Convention of sign in Optics

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When an object is placed in front of a mirror or a lens, an image may be formed (when object is placed at the focal point of convex lens or concave mirror no image is formed). Now whether the image will be real or virtual and its position depend upon distance of the object, type of the lens or mirror and also their geometric construct. Yet it is required to establish a sign convention in order to find a relation between object distance, image distance and focal distance. There are a few sign conventions in Optcis, such as: Cartesian convention, real positive convention etc. Here we will discuss the real positive convention. Acoording to this one:

(i) Every distance has to be measured from the pole of reflecting or refracting plane or the optical center of the lens.

(ii) All real distances are positive. Here ‘real’ means the distance ray of light has actually traveled.

(iii) All virtual distances are negative. Here ‘virtual’ means the distance ray of light hasn’t actually traveled, but it seems to have traveled.

According to the above mentioned convention, following conclusions can be drawn:

(i) In case of the image formed by converging of rays of light after reflection or refraction, AKA real image, the concerned distance is positive. For similar reasons, distance of virtual image is negative. Because in order to form this, rays of light didn’t converge after reflection or refraction, they diverged. So frankly, no image is formed in this case, but the way reflected or refracted rays enter our eyes, we perceive to see an image that looks fully or partially like the object. That’s why virtual image can’t be focused on a screen, real image can.

(ii) In case of convex lens and concave mirrors, rays of light parallel to the principal axis are converged at a point on the axis, that’s why the focal lengths of these two are positive. Otherwise happens for concave lens and convex mirror, that’s why the focal points as well as the focal lengths of these two are negative. For similar reasons, when refraction takes place from lighter to denser medium the radii of curvature of concave and convex planes are respectively negative and positive. On the other hand, when refraction takes place from denser to lighter medium the radii of curvature of concave and convex planes are respectively positive and negative.

(iii) If object is situated in the same side from where the rays of light have arrived at the mirror, lens or refractive plane, the distance (u) of such object is positive. It the object is situated on the other side, the distance of such object is considered negative and the object itself is considered virtual or unreal. For example, consider refraction in the following coaxial convex lenses.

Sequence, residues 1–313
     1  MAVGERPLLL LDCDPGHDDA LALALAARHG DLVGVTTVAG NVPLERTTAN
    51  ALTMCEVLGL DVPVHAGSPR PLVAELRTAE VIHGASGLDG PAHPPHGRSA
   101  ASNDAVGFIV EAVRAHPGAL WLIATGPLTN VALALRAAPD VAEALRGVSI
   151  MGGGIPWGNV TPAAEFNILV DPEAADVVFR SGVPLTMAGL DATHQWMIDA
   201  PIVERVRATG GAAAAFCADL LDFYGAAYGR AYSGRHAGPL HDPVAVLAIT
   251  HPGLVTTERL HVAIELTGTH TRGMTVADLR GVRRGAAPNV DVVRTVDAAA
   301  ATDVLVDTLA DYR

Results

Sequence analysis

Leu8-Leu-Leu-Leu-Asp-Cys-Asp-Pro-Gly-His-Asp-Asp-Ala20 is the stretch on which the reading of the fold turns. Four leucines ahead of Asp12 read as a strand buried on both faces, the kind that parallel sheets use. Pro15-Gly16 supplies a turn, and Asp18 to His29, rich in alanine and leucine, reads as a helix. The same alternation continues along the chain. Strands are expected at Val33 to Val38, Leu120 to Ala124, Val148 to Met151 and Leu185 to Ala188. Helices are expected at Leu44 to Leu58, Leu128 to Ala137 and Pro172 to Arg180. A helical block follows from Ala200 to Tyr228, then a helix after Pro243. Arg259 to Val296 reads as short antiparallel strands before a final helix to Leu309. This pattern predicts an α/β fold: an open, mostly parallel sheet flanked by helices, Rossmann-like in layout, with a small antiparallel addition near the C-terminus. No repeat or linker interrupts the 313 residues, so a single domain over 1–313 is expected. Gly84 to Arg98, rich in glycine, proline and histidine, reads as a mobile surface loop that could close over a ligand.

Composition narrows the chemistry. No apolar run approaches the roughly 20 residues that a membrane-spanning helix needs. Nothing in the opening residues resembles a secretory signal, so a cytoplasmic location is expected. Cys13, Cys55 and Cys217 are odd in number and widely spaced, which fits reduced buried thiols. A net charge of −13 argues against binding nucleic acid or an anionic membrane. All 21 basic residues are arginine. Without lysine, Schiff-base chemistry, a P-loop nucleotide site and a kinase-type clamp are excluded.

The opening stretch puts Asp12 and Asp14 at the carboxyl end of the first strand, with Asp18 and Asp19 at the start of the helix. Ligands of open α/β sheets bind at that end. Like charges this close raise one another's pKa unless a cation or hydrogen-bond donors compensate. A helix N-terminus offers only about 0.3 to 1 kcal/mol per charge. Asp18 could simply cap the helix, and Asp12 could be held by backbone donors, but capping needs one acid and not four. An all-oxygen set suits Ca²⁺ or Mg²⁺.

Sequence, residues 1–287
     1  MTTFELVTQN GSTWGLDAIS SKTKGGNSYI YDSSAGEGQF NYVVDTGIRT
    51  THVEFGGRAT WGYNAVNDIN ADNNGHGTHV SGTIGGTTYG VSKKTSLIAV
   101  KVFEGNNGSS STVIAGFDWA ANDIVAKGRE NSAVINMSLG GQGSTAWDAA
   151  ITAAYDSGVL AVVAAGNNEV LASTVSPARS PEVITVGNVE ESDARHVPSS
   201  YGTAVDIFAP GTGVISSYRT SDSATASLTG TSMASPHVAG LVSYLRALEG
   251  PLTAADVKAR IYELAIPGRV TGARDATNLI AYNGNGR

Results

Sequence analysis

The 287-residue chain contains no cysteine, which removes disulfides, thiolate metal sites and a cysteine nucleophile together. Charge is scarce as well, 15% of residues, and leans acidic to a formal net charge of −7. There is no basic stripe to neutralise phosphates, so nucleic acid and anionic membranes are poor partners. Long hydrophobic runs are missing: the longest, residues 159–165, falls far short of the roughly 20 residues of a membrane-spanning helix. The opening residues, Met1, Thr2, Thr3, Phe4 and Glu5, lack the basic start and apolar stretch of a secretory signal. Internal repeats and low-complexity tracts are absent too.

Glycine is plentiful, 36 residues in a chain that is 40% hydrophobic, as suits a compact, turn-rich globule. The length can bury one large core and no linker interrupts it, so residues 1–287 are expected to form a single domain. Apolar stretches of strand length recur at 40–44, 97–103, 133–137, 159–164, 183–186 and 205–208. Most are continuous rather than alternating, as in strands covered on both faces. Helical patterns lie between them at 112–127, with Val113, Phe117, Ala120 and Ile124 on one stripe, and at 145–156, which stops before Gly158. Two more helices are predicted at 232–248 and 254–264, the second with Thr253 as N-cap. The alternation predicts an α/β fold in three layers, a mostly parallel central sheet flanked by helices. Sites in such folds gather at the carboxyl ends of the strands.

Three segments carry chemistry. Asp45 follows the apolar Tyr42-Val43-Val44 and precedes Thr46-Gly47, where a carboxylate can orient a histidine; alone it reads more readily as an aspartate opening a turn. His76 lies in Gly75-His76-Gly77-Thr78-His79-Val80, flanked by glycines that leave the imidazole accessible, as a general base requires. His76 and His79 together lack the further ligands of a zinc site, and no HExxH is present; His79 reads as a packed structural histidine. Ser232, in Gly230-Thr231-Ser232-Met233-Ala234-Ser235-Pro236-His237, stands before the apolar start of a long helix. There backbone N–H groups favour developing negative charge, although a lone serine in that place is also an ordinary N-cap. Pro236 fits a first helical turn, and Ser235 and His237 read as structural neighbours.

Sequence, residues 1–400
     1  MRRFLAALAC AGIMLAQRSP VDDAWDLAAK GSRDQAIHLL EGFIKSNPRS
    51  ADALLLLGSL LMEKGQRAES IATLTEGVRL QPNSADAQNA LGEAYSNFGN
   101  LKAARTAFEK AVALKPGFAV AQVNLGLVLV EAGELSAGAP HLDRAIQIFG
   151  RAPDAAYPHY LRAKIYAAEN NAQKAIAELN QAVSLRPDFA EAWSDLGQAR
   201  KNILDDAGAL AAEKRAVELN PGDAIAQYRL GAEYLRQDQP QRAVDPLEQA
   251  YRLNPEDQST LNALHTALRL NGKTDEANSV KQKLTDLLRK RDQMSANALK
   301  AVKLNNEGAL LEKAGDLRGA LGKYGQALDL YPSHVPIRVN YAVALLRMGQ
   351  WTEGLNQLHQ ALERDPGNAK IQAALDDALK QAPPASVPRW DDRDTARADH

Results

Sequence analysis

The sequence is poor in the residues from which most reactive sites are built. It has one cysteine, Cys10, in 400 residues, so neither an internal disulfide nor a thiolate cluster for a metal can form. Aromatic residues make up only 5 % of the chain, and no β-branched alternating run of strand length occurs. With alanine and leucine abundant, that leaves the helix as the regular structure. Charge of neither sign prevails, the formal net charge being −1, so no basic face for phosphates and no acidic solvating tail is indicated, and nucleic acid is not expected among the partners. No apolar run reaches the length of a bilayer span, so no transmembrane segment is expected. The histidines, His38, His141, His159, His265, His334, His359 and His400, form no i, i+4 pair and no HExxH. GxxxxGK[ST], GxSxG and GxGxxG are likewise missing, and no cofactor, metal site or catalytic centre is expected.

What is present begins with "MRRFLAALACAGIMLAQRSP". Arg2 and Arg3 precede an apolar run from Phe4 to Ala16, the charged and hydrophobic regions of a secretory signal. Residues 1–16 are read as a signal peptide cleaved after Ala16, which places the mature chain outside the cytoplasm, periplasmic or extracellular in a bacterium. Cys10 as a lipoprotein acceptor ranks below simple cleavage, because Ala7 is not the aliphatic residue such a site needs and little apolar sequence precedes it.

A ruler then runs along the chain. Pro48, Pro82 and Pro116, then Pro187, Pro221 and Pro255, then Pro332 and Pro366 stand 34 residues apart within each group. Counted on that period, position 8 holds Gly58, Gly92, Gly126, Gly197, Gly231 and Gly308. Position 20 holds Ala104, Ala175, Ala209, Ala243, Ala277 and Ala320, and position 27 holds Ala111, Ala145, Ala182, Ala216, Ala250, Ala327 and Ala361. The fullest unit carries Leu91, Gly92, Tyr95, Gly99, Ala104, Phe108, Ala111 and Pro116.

The principal axis of both the lens is the same.

An extended object is standing on the axis to the left of lens A. The image formed by this one will be acting as an object for lens B. However, it is to be noted that the object for lens B is NOT in the same side from where the rays of lights are coming. Hence this object for lens B is to be considered ‘virtual’ and its distance negative.

(iv) If image is situated in the same side where the rays of light should be after the reflection or refraction, the distance (v) of such image is positive. Otherwise, the distance of such image is negative and the image itself is called virtual or unreal. For example, consider the case presented above.

After the refraction has taken place, the rays of light has passed through the lens and they are now on the other side. For lens A, the image is formed in the same side where rays of light are after the refraction, that’s why this image is real.

If the ‘object’ for lens B lies within its focal length, it is going to form a virtual image which lies in the same side of the lens as the object, a case which should not happen, since light rays pass through the lens during refraction. So an image thus formed is to be called virtual or ‘unreal’.

Now consider reflection in mirrors. Since rays of light can’t pass through a mirror, rays of light are the front side of a mirror both before and after a reflection. In case of concave mirror, image may be formed in the front side, if the object is outside of focal point (u > f). In such a case the image is real and its distance (v) is positive. But image can also be formed in the back side of any type of mirror, where rays of light don’t go after the reflection. Such an image is virtual and its distance is considered negative.

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